BREASTFEEDING AND EXERCISE
Today’s newsletter is on breastfeeding and exercise, as I thought it may interest some of you. Even if you’re not breastfeeding and you think this doesn’t apply to you, keep reading, as you may learn a thing or two. Knowledge is powerful, remember.
Here are a couple of points that I think are relevant for postnatal women about breastfeeding and exercise:
Feed before exercise
I’d always suggest that you feed your baby before your exercise. I know this is not always possible, but it’s advisable to do so. If your breasts are full, chances are they will feel uncomfortable, and any amount of activity, regardless of how vigorous it is might stimulate milk flow, so it’s advisable to wear breast pads.
Is a sports bra necessary?
Getting a properly fitted sports bra is essential if you’re embarking on any type of fitness class or activity to reduce the amount of “bounce” and provide adequate shock absorption to the breasts. Although wearing a nursing bra is very convenient for feeding before or after class, I’m here to tell you that a feeding bra doesn’t provide enough support for exercise, ok? Consider wearing two bras, with a nursing bra on first, then a sports bra over the top. I know it sounds like a bit of a nuisance, but this “double-bra” effect will you with the support you need. Tight elasticated sports bra tops aren’t that suitable for a new mum who is breastfeeding either, because they compress the breasts into the chest wall, which may constrict you milk ducts and/or lead to infection eg mastitis.
Lying directly on your front may feel extremely uncomfortable for some of you. For others, this position can be tolerated for a short period of time. When performing any exercise in this position, I suggest placing a rolled up towel above and/or below your breasts to reduce the amount of discomfort/pressure.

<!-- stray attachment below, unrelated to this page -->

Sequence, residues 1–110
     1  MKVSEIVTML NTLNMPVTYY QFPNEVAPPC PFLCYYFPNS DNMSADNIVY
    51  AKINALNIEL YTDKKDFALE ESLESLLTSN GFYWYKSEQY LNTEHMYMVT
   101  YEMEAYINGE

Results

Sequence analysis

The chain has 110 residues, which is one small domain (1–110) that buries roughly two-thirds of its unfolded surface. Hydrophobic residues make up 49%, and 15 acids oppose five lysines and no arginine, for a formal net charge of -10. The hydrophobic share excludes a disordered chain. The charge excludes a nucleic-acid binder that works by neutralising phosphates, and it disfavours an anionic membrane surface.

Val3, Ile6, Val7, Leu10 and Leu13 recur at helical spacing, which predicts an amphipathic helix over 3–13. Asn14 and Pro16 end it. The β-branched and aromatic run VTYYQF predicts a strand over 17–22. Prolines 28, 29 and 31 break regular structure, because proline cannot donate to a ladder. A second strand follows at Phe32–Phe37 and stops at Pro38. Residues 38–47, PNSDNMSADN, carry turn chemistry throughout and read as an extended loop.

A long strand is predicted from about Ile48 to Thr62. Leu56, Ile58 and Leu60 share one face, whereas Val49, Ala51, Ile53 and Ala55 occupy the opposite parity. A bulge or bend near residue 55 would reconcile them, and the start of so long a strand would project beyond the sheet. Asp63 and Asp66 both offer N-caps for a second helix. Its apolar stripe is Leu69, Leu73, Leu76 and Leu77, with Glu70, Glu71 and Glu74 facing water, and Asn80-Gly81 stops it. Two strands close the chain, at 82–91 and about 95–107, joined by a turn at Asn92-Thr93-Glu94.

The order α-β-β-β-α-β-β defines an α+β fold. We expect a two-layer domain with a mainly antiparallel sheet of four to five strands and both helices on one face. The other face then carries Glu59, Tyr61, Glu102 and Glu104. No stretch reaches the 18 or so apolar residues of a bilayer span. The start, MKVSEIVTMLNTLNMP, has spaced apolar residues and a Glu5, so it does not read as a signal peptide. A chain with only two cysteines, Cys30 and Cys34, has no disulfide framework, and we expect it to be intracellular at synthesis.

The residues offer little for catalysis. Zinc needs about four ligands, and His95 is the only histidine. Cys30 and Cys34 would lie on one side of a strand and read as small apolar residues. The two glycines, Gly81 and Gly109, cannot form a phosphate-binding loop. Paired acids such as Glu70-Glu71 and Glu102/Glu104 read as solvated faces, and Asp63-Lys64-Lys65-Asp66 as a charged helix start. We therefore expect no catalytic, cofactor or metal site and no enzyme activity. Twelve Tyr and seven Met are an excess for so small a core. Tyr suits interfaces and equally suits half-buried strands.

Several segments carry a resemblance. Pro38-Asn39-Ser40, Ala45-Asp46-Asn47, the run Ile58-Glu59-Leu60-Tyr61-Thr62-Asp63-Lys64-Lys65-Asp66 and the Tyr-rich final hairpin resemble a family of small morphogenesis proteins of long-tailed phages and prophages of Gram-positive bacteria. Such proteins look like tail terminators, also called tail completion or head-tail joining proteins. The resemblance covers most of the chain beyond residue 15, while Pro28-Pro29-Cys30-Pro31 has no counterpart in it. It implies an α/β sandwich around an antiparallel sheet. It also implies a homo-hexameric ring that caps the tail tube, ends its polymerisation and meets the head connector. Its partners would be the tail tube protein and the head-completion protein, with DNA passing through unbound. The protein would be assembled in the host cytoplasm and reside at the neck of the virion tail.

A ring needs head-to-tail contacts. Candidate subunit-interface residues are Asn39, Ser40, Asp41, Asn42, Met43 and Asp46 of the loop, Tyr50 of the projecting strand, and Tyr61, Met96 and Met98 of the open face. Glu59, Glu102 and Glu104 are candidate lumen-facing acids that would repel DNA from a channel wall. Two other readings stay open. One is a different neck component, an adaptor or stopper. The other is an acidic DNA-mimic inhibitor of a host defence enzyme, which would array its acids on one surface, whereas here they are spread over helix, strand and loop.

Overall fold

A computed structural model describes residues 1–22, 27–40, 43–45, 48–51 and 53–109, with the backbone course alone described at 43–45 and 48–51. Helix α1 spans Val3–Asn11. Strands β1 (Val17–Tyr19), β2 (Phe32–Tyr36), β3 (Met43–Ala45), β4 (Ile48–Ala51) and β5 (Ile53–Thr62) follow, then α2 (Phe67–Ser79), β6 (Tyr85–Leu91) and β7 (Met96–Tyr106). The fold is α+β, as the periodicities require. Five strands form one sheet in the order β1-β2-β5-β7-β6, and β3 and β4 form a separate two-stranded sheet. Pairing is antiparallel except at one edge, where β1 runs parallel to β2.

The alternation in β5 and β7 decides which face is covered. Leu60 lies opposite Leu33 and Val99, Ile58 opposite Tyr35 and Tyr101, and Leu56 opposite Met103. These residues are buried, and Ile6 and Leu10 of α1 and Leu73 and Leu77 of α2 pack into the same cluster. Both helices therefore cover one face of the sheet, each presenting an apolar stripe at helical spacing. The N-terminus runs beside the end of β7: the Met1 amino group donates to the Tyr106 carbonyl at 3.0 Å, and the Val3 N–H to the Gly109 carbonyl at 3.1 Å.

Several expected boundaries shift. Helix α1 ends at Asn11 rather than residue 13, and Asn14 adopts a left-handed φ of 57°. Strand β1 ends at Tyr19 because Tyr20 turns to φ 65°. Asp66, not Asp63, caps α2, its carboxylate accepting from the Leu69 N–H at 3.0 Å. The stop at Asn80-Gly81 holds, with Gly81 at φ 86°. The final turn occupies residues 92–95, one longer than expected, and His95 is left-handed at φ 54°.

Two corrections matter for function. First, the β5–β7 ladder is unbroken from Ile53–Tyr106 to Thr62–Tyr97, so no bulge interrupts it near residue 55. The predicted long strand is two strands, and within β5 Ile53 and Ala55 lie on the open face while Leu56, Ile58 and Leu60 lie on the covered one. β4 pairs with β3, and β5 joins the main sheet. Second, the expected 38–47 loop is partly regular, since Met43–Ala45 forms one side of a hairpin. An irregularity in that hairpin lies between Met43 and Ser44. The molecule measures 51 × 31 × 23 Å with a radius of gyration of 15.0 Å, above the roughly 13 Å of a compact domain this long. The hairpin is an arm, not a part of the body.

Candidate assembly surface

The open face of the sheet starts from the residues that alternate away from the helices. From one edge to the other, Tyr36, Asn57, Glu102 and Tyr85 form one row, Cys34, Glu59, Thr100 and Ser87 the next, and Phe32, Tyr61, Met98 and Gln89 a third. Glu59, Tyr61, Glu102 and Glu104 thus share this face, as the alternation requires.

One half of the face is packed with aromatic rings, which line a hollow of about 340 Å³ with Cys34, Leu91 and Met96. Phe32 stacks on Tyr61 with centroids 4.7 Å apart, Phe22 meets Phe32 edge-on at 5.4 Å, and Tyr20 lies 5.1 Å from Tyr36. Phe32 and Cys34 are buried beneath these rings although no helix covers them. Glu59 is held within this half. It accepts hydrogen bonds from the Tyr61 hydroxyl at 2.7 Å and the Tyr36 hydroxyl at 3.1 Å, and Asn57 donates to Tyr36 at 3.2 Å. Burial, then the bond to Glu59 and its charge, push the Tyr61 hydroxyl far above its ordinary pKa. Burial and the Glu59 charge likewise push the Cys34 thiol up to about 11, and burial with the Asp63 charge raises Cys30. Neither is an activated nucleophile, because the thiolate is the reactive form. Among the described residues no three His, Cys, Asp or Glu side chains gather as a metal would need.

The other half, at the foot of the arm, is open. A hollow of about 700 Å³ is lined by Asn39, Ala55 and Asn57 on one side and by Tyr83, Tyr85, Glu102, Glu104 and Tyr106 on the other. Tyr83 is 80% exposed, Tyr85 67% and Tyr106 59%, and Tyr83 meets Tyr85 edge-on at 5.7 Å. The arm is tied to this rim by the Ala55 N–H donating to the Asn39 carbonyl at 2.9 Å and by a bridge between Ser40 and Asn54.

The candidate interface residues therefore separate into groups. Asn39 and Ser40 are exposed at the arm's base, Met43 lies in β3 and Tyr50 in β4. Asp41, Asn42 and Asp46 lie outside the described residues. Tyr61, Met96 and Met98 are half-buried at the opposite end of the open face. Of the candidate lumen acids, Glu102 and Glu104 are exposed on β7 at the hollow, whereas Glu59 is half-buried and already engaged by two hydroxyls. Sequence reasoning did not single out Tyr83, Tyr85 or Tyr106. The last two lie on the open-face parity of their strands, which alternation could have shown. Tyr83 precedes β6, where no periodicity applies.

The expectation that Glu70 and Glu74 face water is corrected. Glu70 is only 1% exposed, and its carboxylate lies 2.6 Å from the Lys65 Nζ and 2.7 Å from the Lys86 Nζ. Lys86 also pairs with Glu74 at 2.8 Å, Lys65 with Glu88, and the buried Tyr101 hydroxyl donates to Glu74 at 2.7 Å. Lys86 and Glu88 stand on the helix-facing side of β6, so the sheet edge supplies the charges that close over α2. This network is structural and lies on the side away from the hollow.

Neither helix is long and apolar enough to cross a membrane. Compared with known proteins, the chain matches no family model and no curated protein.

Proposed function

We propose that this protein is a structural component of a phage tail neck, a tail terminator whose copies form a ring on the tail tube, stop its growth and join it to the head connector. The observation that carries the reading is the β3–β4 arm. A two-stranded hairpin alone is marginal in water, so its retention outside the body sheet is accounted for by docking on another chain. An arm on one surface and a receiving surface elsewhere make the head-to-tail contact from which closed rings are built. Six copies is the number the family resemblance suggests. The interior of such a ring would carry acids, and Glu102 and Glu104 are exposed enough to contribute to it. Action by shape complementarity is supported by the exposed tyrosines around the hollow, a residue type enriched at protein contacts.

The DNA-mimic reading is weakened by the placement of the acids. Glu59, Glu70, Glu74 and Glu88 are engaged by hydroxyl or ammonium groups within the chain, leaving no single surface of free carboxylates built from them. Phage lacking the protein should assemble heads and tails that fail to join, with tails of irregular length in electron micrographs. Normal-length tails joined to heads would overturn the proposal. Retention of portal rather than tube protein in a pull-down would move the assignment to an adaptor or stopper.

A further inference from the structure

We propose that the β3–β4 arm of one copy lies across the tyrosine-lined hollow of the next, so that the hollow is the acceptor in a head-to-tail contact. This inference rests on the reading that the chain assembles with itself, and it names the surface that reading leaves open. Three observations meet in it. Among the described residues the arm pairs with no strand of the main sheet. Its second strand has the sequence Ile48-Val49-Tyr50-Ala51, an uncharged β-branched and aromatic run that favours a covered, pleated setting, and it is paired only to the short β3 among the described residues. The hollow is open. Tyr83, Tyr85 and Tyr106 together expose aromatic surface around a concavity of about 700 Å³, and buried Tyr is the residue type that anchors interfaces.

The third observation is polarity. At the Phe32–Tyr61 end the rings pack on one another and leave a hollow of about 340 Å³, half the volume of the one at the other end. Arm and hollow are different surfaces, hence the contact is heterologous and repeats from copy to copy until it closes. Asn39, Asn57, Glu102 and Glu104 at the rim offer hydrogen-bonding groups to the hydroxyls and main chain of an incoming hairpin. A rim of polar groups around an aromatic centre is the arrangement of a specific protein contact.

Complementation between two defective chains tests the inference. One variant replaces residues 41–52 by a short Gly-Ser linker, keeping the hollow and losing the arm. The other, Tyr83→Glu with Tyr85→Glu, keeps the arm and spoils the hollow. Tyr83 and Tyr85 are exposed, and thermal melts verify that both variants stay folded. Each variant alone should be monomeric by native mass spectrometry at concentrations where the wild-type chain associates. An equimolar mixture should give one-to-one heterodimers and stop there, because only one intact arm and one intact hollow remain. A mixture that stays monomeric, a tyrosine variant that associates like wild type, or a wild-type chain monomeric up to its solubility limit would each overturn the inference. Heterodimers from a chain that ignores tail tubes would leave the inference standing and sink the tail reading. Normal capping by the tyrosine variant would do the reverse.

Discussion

Range of movement
Again, for comfort, it’s advisable to keep the range of movement of some arm exercises smaller and controlled. Anything vigorous that involves you reaching your arms over your head repetitively will cause tenderness, so it’s important you keep the range of movement of your arms smaller. You know your body best, at the end of the day, so choose what feels comfortable for you.
There is no significant research to suggest that moderate-intensity exercise inhibits milk production. Examples of moderate-intensity exercise include: weight training, low-impact aerobics, walking, swimming. A study by Carey & Quinn (2001) suggested that lactate levels of milk production changed only after a mother performed maximal intensity exercise, and this may affect baby’s acceptance of post-exercise breast milk. But, the authors agreed that it’s highly unlikely that a postnatal women would feel comfortable pushing themselves to this level, so its findings have been discounted. Moderate-intensity exercise however, with good hydration will not affect the quantity or the quality of breast milk.